The San Diego County Board of Supervisors approved a roadside vegetation management program intended to increase wildfire preparedness in unincorporated San Diego County.
The supervisors’ 5-0 vote July 13 approved an option with a comprehensive countywide approach to roadside vegetation management, directed the county’s chief administrative officer to return to the board within 90 days with a funding source and a timeline to implement the vegetation management program, and directed the chief administrative officer to continue stakeholder outreach on the Defensible Space for Fire Protection Ordinance and to return to the county supervisors within 90 days with a proposal to amend the ordinance to align it with the County Consolidated Fire Code.
“I think this is an important step,” said Board of Supervisors chair Nathan Fletcher.
“It’s extremely important,” said Supervisor Nora Vargas.
The county maintains nearly 2,000 miles of roadway, and nearly 80 percent of that roadway is in areas designated by the California Department of Forestry and Fire Protection as high or very high fire hazard severity zones. The San Diego County Fire Protection District works with the county’s Department of Public Works (DPW) to prioritize maintenance along county-maintained roadways which are considered critical evacuation corridors.
“We have a paramount responsibility to protect them as best as we can,” said Supervisor Terra Lawson-Remer.
“Evacuation is a real concern during a wildfire,” said Supervisor Jim Desmond. “Clearing roadways is going to be an important part of that.”
DPW typically undertakes maintenance on approximately 500 lane miles of roadway each fiscal year although the maintenance activity is planned to increase to 800 lane miles for Fiscal Year 2021-22. DPW performs vegetation management to a width of 20 feet from the roadway if that off-roadway area is part of the public right-of-way, and if the county has less than 20 feet of right-of-way DPW coordinates with property owners to pursue additional vegetation management.
“Wildfire is one of the biggest threats that we face,” Desmond said. “I think we need to do all we can to minimize the risk.”
On March 16 the Board of Supervisors directed the chief administrative officer to return to the board with an update on actions to increase vegetation management along county roads, to explore options to align sections of the county code to allow for 20 feet of clearance, to develop a program to expand vegetation management, to identify public roads which could benefit from additional vegetation management and a per-mile cost for that work, to determine the proposed frequency for vegetation management on specific road segments, and to return to the board with options to implement a new vegetation management program.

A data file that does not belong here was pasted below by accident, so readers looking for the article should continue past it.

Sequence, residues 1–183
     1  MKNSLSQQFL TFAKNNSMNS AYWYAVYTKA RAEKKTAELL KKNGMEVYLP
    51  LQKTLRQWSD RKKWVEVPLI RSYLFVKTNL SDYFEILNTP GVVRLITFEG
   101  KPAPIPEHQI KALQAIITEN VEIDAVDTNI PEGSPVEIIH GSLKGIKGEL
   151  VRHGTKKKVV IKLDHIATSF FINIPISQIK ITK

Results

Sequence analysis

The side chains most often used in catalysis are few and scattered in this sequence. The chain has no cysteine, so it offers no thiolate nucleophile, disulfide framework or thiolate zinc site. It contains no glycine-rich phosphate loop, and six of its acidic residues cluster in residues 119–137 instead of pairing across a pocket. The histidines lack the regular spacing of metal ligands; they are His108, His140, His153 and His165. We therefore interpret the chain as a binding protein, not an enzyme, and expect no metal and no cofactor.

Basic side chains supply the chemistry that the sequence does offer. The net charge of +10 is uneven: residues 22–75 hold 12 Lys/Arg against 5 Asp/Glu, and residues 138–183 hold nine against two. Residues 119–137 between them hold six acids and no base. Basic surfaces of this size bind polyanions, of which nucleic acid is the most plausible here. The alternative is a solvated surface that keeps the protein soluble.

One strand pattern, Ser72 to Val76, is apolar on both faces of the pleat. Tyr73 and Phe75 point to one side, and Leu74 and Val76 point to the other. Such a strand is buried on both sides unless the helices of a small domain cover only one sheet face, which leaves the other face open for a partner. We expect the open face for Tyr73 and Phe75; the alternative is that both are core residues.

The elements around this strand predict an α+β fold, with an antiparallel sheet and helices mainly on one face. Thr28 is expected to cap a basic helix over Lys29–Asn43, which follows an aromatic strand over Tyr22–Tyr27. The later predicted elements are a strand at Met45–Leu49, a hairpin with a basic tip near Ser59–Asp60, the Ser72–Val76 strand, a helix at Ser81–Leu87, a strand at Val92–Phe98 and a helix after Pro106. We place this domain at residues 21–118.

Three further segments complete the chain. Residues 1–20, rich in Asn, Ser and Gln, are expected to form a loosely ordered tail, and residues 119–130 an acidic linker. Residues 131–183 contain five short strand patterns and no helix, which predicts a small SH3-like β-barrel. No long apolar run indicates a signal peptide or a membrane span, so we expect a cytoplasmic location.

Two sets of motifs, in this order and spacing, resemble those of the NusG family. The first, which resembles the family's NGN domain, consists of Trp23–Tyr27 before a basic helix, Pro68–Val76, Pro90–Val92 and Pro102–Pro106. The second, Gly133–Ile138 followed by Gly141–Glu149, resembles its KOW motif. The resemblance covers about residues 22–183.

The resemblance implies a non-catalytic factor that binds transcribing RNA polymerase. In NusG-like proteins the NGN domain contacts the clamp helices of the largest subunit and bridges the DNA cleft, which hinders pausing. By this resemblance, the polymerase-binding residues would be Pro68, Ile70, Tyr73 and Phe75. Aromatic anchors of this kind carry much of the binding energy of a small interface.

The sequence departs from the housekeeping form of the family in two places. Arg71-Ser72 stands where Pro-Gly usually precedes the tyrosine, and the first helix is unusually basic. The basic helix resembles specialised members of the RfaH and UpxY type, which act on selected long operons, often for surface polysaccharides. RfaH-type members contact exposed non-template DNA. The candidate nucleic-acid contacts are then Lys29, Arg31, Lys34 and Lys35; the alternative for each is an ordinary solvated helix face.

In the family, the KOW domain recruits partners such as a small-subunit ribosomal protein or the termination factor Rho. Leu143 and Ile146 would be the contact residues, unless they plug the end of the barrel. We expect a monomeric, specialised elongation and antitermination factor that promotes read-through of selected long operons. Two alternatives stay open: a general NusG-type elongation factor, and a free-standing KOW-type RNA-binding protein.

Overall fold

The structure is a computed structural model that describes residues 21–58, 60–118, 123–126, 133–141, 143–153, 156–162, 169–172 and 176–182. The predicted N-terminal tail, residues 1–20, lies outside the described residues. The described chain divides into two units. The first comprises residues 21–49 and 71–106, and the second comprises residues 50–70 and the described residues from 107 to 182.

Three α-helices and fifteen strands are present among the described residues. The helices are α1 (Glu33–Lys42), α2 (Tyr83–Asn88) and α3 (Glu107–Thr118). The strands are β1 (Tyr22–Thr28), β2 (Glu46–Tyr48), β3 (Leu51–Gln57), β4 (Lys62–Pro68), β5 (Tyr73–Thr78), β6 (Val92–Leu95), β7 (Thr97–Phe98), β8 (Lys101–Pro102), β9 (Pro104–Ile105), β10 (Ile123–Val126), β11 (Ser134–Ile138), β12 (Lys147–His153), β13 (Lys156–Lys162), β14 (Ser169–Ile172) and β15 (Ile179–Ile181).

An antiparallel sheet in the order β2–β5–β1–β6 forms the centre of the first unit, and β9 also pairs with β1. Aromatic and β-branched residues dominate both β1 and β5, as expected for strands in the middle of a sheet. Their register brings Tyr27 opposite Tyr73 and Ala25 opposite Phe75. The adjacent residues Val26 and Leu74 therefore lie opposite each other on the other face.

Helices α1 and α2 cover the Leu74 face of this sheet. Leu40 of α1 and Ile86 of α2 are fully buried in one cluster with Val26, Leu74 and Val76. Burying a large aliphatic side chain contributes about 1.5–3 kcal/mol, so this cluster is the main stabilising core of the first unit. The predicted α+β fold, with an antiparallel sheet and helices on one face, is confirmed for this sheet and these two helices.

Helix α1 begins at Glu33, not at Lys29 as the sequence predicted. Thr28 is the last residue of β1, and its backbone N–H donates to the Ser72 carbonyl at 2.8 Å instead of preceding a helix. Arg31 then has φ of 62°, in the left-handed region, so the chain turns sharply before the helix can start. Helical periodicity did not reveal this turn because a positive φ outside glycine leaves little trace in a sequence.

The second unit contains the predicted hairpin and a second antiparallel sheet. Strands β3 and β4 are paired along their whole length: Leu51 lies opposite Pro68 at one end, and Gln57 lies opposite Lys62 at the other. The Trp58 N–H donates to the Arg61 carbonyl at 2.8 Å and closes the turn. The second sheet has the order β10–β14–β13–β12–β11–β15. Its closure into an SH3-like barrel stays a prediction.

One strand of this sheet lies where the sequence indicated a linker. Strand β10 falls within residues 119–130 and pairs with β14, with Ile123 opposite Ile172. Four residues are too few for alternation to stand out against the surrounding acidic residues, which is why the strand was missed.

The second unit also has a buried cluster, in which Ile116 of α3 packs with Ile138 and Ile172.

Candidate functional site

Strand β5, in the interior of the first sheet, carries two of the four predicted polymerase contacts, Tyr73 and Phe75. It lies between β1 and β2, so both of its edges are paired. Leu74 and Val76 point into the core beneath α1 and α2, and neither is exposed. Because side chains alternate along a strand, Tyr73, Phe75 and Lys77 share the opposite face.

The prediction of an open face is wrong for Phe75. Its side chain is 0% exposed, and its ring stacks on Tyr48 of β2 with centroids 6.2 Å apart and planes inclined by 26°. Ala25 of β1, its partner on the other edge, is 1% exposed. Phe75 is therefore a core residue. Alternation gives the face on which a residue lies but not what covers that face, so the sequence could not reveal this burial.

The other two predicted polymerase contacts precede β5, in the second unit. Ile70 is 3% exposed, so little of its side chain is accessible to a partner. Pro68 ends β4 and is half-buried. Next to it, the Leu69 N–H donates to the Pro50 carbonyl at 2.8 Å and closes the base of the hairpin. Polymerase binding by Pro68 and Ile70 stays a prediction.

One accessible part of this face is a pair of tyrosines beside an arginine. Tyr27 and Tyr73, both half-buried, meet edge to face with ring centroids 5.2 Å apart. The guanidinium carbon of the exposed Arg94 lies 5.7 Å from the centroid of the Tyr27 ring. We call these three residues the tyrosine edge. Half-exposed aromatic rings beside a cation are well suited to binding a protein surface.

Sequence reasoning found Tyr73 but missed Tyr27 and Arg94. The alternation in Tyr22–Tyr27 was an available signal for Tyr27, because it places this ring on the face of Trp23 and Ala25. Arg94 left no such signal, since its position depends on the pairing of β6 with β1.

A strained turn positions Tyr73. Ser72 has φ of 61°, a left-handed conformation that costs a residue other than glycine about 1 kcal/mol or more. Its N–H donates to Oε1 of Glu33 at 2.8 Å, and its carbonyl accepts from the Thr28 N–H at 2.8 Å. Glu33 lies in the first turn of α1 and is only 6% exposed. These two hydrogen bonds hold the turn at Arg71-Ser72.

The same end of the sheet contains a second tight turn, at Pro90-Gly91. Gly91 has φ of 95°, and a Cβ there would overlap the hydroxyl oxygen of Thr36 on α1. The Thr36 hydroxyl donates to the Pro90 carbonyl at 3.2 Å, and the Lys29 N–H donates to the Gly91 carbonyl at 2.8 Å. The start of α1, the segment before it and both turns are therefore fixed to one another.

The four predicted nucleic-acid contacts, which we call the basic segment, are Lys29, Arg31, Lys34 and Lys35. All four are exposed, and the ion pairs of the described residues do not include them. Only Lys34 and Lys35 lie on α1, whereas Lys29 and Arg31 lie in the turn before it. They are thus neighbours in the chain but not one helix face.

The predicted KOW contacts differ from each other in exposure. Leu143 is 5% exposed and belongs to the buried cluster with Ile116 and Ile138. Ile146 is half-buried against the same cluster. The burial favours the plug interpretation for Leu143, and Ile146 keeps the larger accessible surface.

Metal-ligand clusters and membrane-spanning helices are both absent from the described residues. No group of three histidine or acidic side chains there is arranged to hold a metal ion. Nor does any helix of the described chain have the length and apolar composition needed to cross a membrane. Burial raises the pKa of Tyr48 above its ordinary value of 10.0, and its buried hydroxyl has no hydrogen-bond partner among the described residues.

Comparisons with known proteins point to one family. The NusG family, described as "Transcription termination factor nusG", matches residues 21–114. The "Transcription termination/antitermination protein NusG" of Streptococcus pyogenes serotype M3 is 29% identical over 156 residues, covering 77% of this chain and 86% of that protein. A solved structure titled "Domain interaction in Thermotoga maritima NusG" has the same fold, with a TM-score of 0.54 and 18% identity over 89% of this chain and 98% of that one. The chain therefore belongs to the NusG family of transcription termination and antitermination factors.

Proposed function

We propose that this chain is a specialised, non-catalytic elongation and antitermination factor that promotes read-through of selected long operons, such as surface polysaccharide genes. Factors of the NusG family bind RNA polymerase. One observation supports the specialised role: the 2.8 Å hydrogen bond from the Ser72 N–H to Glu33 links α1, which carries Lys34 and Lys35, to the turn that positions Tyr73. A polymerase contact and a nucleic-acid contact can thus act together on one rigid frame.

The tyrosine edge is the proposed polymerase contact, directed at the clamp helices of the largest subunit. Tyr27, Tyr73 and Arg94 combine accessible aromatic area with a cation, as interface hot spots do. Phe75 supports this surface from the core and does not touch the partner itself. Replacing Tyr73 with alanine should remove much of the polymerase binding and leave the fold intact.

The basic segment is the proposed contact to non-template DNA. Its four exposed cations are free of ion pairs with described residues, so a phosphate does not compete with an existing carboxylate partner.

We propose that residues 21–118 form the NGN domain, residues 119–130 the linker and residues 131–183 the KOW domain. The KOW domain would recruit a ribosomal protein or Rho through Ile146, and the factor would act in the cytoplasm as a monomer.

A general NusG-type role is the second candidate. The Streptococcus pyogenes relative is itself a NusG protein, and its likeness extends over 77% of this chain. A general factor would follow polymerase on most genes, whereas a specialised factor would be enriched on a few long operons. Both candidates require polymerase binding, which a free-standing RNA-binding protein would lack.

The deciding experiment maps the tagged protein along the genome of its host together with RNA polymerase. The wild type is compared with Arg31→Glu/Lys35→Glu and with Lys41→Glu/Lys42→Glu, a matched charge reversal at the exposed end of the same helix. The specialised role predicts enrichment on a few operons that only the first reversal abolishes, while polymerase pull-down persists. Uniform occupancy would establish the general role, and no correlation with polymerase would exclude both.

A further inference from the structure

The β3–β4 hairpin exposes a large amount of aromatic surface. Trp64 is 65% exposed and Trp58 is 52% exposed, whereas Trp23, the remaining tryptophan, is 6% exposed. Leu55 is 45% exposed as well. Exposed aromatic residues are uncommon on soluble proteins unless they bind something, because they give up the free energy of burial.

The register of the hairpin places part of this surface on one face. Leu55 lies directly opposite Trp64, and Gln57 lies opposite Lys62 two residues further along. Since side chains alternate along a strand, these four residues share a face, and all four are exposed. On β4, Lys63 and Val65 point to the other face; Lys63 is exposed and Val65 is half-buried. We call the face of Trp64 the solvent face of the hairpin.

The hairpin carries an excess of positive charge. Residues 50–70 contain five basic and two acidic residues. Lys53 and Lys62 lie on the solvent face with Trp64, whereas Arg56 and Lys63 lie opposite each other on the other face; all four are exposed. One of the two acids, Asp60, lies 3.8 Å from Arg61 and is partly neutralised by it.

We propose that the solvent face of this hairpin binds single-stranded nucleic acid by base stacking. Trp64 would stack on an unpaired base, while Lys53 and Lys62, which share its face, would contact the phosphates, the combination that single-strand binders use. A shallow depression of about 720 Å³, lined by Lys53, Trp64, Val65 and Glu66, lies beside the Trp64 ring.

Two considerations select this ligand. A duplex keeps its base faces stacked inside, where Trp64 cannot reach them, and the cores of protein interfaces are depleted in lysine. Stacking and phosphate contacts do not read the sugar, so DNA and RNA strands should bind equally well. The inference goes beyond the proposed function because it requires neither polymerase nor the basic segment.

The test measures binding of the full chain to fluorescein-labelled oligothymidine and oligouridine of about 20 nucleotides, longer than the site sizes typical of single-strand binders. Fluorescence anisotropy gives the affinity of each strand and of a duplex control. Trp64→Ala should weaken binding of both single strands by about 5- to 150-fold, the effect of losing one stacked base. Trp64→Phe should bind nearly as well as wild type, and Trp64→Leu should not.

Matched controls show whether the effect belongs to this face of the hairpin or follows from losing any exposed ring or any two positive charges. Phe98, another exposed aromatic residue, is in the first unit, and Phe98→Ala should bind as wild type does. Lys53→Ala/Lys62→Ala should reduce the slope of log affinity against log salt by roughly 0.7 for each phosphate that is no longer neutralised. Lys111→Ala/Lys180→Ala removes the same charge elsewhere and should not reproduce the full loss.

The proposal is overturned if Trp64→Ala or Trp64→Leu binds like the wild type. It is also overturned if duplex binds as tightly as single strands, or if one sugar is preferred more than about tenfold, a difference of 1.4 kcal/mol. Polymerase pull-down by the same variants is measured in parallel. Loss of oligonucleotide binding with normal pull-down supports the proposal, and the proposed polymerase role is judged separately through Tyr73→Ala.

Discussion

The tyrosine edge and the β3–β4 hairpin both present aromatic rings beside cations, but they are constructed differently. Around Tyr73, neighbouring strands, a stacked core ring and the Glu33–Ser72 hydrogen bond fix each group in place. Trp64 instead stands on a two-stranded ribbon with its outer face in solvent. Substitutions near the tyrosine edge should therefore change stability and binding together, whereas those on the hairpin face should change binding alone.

Three options were provided. The first option was enhancing the existing defensible space inspection program, which had an annual estimated cost of $594,991. The option to increase the focus on key evacuation corridors and on roads with single entry and exit points had an estimated annual cost of $1,779,000.
The supervisors chose the comprehensive countywide approach to roadside vegetation management even though it had the highest estimated cost at $2,643,031. The program will organize the county into north and south regions. The county fire department and DPW will collaborate with the California Department of Transportation (which is responsible for maintaining Interstate freeways and state highways), property owners, and independent fire protection districts. The program will focus on identifying and managing vegetation along evacuation corridors and communities with single entry and exit points. The San Diego County Fire Protection District will increase community engagement through direct mail and community-based workshops, the SDCFPD will collaborate with Caltrans to identify state roads which may benefit from additional vegetation management, and DPW will perform vegetation management on an additional 200 lane miles within the public right-of-way.
“Well-maintained infrastructure is a core responsibility of government,” Desmond said.
The current Defensible Space for Fire Protection Ordinance requires ten feet of vegetation management alongside roadways and driveways and allows the county’s fire warden to require additional vegetation management as necessary in accordance with the Consolidated Fire Code which allows jurisdictions to require a property owner to modify up to 20 feet of vegetation along roadways. The SDCFPD is in the process of reviewing current roadside vegetation management requirements and is working with the county’s independent fire protection districts.
“I really appreciate the board moving forward making our county more safe,” said Supervisor Joel Anderson.